My little white lie worked like a charm: we easily made it to the halfway point without a word of complain from the kids. In this communal area filled with hungry tourists queuing up for its public restrooms or locally-sourced trout in its only restaurant, we plonked onto the public benches and refueled with nana’s rendang.
After our little picnic, we took an electric-powered shuttle boat to the Upper Lakes, where more spectacular scenery awaited us. Since swimming is strictly prohibited, we cooled off with ice cream instead.
Our six hour walk finally came to an end, but not before the kids spotted what they’ve been hoping to see since the start of the hike.
“Mommy, look! A FAIRY!”
And there, with its long, slender legs and swift, graceful movements, was a water skipper, oblivious to the fact that it has made the children’s day.
Apartmani Buric A small but incredibly well-run family establishment with its own playground and bikes. Rooms are spacious and come with a comfortable king-sized bed (extra beds can be arranged), a balcony and a kitchen. Breakfast and dinner must be booked in advance. Requests are always met with a smile. $$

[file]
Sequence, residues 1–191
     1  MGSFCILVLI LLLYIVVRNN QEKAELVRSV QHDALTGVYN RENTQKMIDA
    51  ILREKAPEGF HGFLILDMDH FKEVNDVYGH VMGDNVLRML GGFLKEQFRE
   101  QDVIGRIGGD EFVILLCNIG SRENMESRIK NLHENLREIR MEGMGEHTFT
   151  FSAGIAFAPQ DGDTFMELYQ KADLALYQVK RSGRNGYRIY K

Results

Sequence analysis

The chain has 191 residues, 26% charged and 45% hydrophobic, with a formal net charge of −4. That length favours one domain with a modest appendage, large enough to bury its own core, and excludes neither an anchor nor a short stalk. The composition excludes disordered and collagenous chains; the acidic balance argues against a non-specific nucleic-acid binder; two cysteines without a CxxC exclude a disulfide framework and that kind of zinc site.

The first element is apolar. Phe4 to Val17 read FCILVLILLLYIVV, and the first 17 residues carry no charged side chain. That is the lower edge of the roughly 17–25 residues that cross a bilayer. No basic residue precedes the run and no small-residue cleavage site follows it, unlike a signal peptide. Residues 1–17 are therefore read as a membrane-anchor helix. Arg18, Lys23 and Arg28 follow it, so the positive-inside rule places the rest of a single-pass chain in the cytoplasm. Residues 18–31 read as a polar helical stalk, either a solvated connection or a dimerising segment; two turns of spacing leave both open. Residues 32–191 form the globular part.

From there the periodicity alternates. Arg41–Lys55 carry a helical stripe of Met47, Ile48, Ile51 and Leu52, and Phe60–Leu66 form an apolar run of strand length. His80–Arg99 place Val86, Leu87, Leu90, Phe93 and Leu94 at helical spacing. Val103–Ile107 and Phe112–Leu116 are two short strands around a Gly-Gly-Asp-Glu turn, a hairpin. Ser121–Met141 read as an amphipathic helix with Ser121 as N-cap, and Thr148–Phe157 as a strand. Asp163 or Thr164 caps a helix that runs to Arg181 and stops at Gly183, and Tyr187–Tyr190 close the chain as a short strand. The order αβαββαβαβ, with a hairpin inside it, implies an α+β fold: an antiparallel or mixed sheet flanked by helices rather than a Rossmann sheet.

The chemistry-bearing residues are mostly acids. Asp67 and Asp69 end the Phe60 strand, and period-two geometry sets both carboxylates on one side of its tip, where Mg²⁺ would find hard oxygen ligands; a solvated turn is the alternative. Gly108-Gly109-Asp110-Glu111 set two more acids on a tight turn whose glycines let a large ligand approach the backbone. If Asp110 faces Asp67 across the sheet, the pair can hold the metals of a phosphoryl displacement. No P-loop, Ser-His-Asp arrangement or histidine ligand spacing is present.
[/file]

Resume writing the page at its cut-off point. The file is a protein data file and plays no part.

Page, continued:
- Rastoke is about a half an hour away from the park and makes for a good lunch detour. You can also hop across the border to Bosnia.
- The park has limited the number of visitors entering the park each hour of each day. If your date and time of visit is confirmed, you may buy your tickets online at least one day in advance (https://np-plitvicka-jezera.hr/en/plan-your-visit/price-list/). Otherwise, it’s best to arrive early at the gates (about 7am) to buy your tickets, even if you do plan to start your walk later in the day.
- It is recommended that you park your car at Gate 1 at the Lower Lakes and start from there, and end at the Upper Lakes, where you can take a complimentary shuttle back. That way, you can take in the fantastic scenery without subjecting yourself to a strenuous hike.